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Local pastry chef Kyle Smothers, as seen on season two of Food Network's "Holiday Wars." (Image: Courtesy of Food Network)

Seattle pastry chef's team wins second season of Food Network's 'Holiday Wars'

Update on 10:45 a.m. Monday, Dec. 7:

Kyle Smothers' and his team knew they were underdogs on "Holiday Wars."

"My team went into this last challenge with two losses and scraped by in round one due to a technicality," he said. "We didn't let that get us down. We adapted. We overcame, and it shows in our final piece."

The Food Network baking competition came to a close Sunday night after six weeks — and Smothers' team, the Mistle Toasters, came out victorious, winning the $25,000 prize and title of "Holiday War" season two champions.

"Winning this competition is indescribable," the Seattle pastry chef said. "It is the culmination of the successes we had, the failures we had in which we grew from, passion for what we do and the love we developed for each other during our time on Holiday Wars."

Original story:

It's unclear if Kyle Smothers is a psychic, but he definitely predicted his future.

"I think since I was probably 8 years old, I was telling my family I was going to be on television," the 32-year-old said. "I didn't know what, I didn't know why, I didn't know how, but I always said it."

If you're watching Food Network's "Holiday Wars," you've seen Smothers in action — he's one of four bakers on Team Mistle Toasters competing on the show.

"Holiday Wars," hosted by Raven-Symoné, is in its second season with episode three airing this past Sunday (Nov. 15). The competition started with five teams of bakers and pastry chefs working together to make larger than life holiday-themed creations.

Smothers is a pastry chef and the co-owner of the Seattle-based handcrafted cake and cookie company, Home Economics. Originally from the east coast, baking is something that's always been in his life.

"I have very fond memories every year, my cousins, my siblings, my aunt, mother and I would get together and do big holiday bakes," Smothers said. "Every Christmas, we would do a whole day of cookies, baking and decorating. And I always joke that it was the Christmas that my sister got her toy oven, you know, that's when I took over and found the love for it."

Smothers has been making his way through the industry since he was a teen, living and working for different companies in several states — learning from professionals and absorbing as much knowledge as he could before earning a degree in baking and pastry from Keiser University in Sarasota, Florida. At one point, about six years ago, he landed in Seattle but moved away shortly after. He said he always wanted to come back and set down roots.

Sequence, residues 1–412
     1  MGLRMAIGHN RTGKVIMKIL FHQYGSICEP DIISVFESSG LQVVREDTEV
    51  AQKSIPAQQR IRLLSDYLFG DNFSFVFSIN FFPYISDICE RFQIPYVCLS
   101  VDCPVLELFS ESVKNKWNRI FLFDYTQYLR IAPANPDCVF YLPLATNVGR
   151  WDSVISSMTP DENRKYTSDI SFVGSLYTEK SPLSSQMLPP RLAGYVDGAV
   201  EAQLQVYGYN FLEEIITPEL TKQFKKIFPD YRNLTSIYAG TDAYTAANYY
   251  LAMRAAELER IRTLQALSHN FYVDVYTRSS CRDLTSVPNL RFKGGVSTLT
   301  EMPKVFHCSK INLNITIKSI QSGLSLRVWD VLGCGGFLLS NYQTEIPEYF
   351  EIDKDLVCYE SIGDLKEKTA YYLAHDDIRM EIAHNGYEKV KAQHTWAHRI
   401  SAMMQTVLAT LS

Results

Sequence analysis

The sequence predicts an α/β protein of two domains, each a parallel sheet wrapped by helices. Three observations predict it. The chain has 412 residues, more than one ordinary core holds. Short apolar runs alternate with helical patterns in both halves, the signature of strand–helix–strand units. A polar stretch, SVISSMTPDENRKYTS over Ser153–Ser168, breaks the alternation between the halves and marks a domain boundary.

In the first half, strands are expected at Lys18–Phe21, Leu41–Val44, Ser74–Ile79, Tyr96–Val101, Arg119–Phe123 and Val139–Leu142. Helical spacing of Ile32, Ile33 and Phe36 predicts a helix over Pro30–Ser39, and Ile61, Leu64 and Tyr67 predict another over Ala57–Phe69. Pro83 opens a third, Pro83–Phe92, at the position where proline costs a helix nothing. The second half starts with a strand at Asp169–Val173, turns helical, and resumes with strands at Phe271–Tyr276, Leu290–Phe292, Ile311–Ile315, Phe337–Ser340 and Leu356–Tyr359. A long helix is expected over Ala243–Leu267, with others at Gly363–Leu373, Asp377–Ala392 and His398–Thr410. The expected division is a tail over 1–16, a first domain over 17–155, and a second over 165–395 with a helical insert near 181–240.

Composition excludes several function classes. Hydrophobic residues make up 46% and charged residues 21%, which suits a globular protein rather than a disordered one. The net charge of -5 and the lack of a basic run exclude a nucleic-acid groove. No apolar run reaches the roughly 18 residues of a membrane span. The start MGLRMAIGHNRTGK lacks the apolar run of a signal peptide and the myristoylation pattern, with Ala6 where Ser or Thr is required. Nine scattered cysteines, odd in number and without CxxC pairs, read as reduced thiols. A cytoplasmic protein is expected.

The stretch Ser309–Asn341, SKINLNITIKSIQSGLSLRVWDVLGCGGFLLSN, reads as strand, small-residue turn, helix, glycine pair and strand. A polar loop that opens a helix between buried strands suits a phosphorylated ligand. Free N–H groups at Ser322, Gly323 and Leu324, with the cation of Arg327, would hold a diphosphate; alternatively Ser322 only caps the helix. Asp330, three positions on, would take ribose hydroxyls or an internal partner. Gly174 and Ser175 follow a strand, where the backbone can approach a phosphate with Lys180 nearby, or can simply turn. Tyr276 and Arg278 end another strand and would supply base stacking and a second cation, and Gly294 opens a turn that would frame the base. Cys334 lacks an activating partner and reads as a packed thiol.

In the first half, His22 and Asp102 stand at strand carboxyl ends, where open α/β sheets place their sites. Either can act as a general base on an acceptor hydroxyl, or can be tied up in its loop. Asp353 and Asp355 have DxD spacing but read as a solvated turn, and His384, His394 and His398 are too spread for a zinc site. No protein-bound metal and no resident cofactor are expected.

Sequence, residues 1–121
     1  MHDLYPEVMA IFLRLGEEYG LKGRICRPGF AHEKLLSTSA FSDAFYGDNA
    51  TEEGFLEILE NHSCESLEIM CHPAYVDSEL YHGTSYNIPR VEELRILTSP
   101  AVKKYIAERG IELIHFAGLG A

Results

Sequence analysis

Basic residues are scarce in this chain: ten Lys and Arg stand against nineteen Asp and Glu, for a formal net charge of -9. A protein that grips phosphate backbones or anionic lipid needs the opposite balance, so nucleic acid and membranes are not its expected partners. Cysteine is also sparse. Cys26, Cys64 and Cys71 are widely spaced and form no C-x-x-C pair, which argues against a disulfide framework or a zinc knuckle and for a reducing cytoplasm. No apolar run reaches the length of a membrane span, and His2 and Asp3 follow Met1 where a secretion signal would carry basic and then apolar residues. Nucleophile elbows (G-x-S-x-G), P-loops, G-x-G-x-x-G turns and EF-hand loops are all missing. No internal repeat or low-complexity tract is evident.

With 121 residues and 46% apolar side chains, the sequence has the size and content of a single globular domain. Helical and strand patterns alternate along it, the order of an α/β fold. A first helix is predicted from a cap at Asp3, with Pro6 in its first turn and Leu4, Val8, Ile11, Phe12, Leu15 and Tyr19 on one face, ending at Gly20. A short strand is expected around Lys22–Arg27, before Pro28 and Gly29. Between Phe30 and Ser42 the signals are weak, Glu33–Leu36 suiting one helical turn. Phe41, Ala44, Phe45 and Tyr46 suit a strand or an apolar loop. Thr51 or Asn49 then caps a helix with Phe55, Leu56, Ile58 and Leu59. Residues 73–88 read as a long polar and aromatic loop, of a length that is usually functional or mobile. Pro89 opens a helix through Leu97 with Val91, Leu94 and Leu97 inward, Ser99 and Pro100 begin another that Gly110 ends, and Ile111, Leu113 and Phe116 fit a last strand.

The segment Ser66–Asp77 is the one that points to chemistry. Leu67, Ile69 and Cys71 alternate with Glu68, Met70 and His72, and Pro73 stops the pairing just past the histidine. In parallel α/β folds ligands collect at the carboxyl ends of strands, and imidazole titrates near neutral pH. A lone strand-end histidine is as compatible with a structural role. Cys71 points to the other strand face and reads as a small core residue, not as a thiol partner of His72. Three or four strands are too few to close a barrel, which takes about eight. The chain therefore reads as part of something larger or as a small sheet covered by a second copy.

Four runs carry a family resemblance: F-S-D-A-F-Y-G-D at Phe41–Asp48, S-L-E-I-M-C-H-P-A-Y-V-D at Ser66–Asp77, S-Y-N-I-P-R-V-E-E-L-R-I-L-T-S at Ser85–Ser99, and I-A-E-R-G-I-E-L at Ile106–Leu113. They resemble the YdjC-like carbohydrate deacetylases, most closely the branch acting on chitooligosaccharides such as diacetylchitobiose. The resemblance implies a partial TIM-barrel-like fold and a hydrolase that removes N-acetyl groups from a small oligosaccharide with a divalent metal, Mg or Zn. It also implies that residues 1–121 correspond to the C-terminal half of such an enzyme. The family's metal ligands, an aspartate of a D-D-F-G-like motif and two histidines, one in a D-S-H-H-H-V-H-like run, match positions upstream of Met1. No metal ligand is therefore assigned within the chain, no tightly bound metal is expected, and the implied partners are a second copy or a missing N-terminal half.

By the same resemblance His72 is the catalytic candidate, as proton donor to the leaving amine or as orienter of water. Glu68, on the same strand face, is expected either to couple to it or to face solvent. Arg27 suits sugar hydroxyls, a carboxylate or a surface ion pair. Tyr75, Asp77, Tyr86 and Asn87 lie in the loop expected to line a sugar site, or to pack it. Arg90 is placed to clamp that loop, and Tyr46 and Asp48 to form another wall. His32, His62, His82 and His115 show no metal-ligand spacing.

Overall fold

"Seattle is where I fell in love with the most," he said. "I love that it's so progressive, and there's lots of opportunity for success in my field."

"Holiday Wars" isn't Smothers' first time on the small screen — he competed in the 2019 Girl Scout Cookie Championship. But this is his first time competing on a show in a team.

"I mean, it’s nerve-wracking; it’s like the Olympics of baking and pastry world," he said.

Shooting for the show began in August, and each team was made up of virtually four strangers since teams were assigned.

"Being introduced to three other personalities and skillsets that I am not familiar with, it was full transparency - what are you good at? What are you not good at?" Smothers said. "Your weakness is not a weakness unless we don’t know about it. If we know what you are capable of and what you are not comfortable with, we can work around it."

For example, Smothers said he is more of a buttercream artist than a fondant artist, which is a major part of creating these sculptures — noting how "it takes a village, and multiple skill sets to create these displays."

One of his favorite memories from the show (in the three episodes we've seen so far) was when he hand-painted the night sky of a display during the first episode, also noting the yarn in the display, a nod to his life as he likes to knit.

Each episode has two rounds, with one team sitting out of the second based on their performance in the first. During the second episode, the first challenge was to create Santa's sidekick. The Mistle Toasters created a cute green alien dressed in a Santa outfit, but it ended up falling apart.

The Mistle Toasters sat out of the next round.

"I was really hurt when we were benched; it stung, of course, there was some pride," Smother said. "But being able to sit out and watch what was going on with the rest of the competition in the penalty box allowed us to see how others team were adapting and reacting and being successful with the same challenges we were having."

And that's the energy he and his team carried through the show — adapting and overcoming, which was particularly evident in the following episode. During the first challenge, which was to make a Thanksgiving turkey in disguise, the Mistle Toasters created Lotta Stuffing, a drag queen turkey. This was another example of Smother's incorporating his personal life into the show since he is a former drag queen. The judges had nothing but positive things to say about the display, and they moved on to the next round.

Smother's described being on the show as an "absolutely wonderful" experience that led to life-long friendships but was also a challenge mentally.

"When you're there, your focus has to be 100 percent on what you are doing because you have to be able to point out the things that could make an alien fall apart," he said, laughing. "It was scary, it was stressful, it was exciting and wonderful and fabulous, and I would absolutely do it again."

Could it be one of the other Food Network Baking Championships? His own show? Only time will tell.

Keep up with Smothers on Instagram @chefkyle.seattle. Food Network's "Holiday Wars" airs at 8 p.m. PST Sundays.